Early in the year, Mrs. Knight was on schedule according to her year plan for social studies, so on a few occasions, she included additional information that she deemed valuable and of particular interest to her students. For example, in early November, Mrs. Knight and her students studied slavery in the Southern colonies, and Mrs. Knight took the time to include information about slave castles along the coast of Africa, where captured Africans were held before being transported to the Americas. Mrs. Knight had visited some of these slave castles while living in Africa for 6 years, and after discussing what she had seen and learned, Mrs. Knight brought in some of her pictures at the students’ request. The lesson began with Enrique reading the three introductory paragraphs in the textbook lesson on slavery in the Southern colonies. Seven students raised their hands, but instead of calling on them, Mrs. Knight began telling about slave castles along the coast of West Africa. She discussed the conflicts between different African tribes and the conditions that captured Africans experienced in the slave castles as they waited to be transported to the Americas.


[12] Mrs. Knight: When the cave was full and they knew that because they were pushing people in. When there was no more give, when people could not be pushed in any further then this door was sealed. It was actually sealed anyway. But, they had a door on the other side, and that door was actually up in the ceiling. They would drop a ladder down, and it would allow people to come out and across a ramp and into the ships. And that was it. They would go up a ladder and there were people who decided, just like people decided here, that they could not get into that ship. That they could not cross that bridge into the ship and they would commit suicide and dive off the, you know just fall off the cliff.


[13] Thomas: Why would they die?


[14] Mrs. Knight: Because they couldn’t bear the idea of being squished first from here and then into a ship. The ships would pack people in just as tightly as they were packed in here they would be packed into the ship. People were packed in as though they were um, sardines. Okay? So people are being put in, squished and squished and squished and squished and squished. You’ll see a picture, it is just a picture but a picture nevertheless of the bottom of a slave ship on page one seventy two. And you can see they’ve got people laying side by side, filling every available space.


Why did Mrs. Knight take the time to discuss slave castles and the experiences of captured Africans, information that was not present in students’ textbooks?


And I’m telling you things that aren’t in the book because I had the good fortune of being able to see them. Some day, when you’re big, you need to go and see them for yourself . . . they’re big and they’re scary but they’re an important part of our history and worth seeing . . . just as we are connected to their [African] history to that history they are also connected to our history.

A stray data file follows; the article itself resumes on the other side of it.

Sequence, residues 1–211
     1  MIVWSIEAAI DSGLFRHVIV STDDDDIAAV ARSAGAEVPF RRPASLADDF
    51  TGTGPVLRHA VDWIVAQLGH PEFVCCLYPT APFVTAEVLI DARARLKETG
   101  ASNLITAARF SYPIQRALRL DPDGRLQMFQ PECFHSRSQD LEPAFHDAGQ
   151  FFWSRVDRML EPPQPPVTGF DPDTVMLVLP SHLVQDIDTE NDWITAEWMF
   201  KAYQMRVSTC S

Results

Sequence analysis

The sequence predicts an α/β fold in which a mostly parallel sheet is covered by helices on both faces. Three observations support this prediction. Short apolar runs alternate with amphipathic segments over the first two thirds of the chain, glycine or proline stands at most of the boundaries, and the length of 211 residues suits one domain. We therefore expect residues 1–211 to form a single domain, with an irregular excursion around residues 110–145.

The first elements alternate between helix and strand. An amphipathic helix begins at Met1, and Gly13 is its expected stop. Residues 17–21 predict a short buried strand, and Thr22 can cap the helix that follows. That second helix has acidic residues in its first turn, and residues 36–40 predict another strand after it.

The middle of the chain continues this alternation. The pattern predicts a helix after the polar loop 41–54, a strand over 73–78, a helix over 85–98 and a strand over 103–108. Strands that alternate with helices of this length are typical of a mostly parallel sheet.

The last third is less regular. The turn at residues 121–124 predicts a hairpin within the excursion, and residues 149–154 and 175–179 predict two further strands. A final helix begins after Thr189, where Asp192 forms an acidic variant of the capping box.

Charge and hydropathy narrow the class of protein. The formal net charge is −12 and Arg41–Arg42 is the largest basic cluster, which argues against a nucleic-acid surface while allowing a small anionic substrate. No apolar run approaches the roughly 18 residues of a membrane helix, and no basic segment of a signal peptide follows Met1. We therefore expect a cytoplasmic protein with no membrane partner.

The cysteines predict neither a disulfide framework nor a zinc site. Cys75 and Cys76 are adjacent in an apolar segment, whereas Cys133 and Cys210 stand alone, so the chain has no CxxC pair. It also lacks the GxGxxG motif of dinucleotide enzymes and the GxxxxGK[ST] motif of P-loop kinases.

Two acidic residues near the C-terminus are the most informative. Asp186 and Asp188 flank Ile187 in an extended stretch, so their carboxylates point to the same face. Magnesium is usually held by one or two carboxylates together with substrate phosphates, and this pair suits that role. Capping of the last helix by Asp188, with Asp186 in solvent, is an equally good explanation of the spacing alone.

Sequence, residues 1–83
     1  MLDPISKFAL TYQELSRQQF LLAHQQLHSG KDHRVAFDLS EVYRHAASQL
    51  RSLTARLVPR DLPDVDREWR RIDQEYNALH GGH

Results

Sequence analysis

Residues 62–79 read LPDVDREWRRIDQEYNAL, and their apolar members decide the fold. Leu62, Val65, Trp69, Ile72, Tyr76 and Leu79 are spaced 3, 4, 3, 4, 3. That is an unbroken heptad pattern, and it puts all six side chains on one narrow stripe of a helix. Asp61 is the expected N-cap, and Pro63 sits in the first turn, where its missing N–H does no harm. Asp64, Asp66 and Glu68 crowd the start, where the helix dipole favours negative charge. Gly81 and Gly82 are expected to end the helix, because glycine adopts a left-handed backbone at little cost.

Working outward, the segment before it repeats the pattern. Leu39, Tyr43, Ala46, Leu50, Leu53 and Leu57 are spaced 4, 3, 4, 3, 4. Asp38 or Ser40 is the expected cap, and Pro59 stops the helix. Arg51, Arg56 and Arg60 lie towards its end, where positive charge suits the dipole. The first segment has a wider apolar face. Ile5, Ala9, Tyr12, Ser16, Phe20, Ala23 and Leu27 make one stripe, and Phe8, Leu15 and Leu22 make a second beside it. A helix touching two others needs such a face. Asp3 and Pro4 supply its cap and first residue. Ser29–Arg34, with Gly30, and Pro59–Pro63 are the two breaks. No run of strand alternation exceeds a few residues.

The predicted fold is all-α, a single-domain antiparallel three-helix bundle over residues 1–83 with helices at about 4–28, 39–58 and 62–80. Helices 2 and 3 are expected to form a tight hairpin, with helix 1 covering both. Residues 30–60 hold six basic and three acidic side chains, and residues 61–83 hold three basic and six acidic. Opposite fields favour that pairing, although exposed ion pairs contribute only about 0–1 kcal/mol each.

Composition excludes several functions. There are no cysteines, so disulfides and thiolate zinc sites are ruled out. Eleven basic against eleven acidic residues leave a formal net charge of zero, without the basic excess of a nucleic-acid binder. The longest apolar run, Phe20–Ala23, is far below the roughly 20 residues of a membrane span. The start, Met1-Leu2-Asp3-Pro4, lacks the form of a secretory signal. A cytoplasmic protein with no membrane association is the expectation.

Mrs. Knight believed this information was valuable for students, and therefore worth taking the time to discuss. After 14 minutes, Mrs. Knight was ready to continue reading from the textbook, but half a dozen students had their hands up. After confirming that the questions related to what they had been discussing, Mrs. Knight agreed to answer them, which took another 13 minutes. Students had numerous questions as they struggled to understand the conditions that Africans were forced to endure. Finally, with 11 minutes left, Mrs. Knight ended the discussion and returned to the students’ textbook, reading and discussing one more section of the lesson before ending for recess. Early in the year, comfortably keeping pace with her year plan for social studies, Mrs. Knight was willing to take time to provide a more expansive view of U.S. history. Many students demonstrated quite an interest in this topic as they read about and discussed slavery for 3 days. Their interest was apparent to Mrs. Knight, who also noted the increased participation of Rodney, one of the few African American students in her class.


In addition to prompting Mrs. Knight to expand the content of U.S. history on a few occasions, student questions often raised issues going beyond the content of the textbook. Time constraints, rather than Mrs. Knight’s judgment of the significance or value of a topic, determined the extent to which she examined issues raised by her students. The following exchange between Mrs. Knight and a student further highlights how time constraints influenced her decisions. After reading about checks and balances and the ratification of the Constitution, Mrs. Knight had 10 minutes left in class before recess and decided they would read the final section on the Bill of Rights. The section included a small box that contained the text of the First Amendment, which Mrs. Knight read and then discussed. In the final exchange before recess, Martin, who is African American, raised the issue of “driving while Black.”


[234] Mrs. Knight: And finally it says “note that this amendment protects personal liberties such as freedom of religion, freedom of speech, freedom of the press,” which means that the newspapers can say as they like. You also have a “guarantee that people cannot be arrested without a good reason” and that they need a fair trial by jury.